society to recover from the shock and dislocations 
occasioned by the war. One of the Committees 
only that concerned with the Labour Unrest- 
shows any sign of alarm, while even here there 
is little or no. suspicion that the trouble is irre- 
movable so long as industrialism exists. On the 
contrary, the trouble is regarded merely as a form 
of distemper to be remedied by the balm and 
plaster of the Whit ley Report. 

While making this general comment on the work 
of the Ministry, I must not be interpreted as 
deprecating entirely the work of the Committees. 
The problems of demobilization and the supply 
and distribution of raw materials are problems 
of fundamental importance, though they partake 

Secretary (Sir George Cave) explained that it would be 
concerned with 

1. The restoration of normal conditions in connection 
with commerce and industry and the development of 
trade in the light of the experience gained by the war ; 

2. The restoration of the normal rights of persons 
affected by war conditions and improvement in conditions 
also suggested by the circumstances of the war. 


of the nature of readjustment rather than of 
reconstruction. However much our eyes are fixed 
on the future, however much we may be per- 
suaded that the only way to avoid catastrophe 
is finally to take such measures to strengthen 
the base of society as are involved in a return 
to first principles, the fact remains that we must 
live from day to day during the period of transition. 
And in order that we may so live, in order that 
the economic reaction of the war may not pre- 
cipitate anarchy, society as it exists to-day must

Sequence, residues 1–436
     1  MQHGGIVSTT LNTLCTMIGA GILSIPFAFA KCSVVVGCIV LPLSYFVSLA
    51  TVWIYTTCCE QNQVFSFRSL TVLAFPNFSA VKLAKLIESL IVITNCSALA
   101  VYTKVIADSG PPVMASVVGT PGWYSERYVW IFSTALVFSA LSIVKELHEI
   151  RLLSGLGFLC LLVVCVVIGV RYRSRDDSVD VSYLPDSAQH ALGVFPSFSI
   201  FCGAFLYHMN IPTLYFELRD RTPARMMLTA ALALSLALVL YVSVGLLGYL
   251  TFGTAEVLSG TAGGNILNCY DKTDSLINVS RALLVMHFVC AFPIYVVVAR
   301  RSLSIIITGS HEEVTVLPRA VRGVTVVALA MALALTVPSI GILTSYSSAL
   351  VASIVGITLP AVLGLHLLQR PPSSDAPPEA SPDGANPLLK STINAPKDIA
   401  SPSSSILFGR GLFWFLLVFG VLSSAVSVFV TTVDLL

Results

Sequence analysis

be propped up. To such an extent the work of 
the Committees is valuable, and to such an extent 
the various systems of control which are being 
introduced into so many departments of produc- 
tion and distribution are to be approved, even 
though they do involve bureaucratic methods of 
administration. If the temporary nature of these 
arrangements be admitted, then no harm can 
come of them. The danger is that these props, 
instead of being regarded as scaffolding necessary 
to the rebuilding of society, should be mistaken 
for permanent structural arrangements, for they 
touch no vital social issue. Though at the 
moment they put a boundary to the growth of 
anarchy, they do not seek to remove its cause, 
and no scheme which does not seek first and 
foremost to remove the cause of social anarchy is 
worthy of the name of reconstruction. 
That readjustment rather than reconstruction 


was the aim of the Ministry is apparent not only 
from the terms of reference to the Committees, 
but from their manner of setting to work. Had 
reconstruction been their aim, they would not 
immediately have set up a number of Committees 
to deal with the various aspects of the problem 
presented, but would have sought first to estab- 
lish some general unanimity of opinion as to its 
cause. It was, I suppose, because they regarded 
the war as a colossal accident rather than as 
the goal towards which industrialism inevitably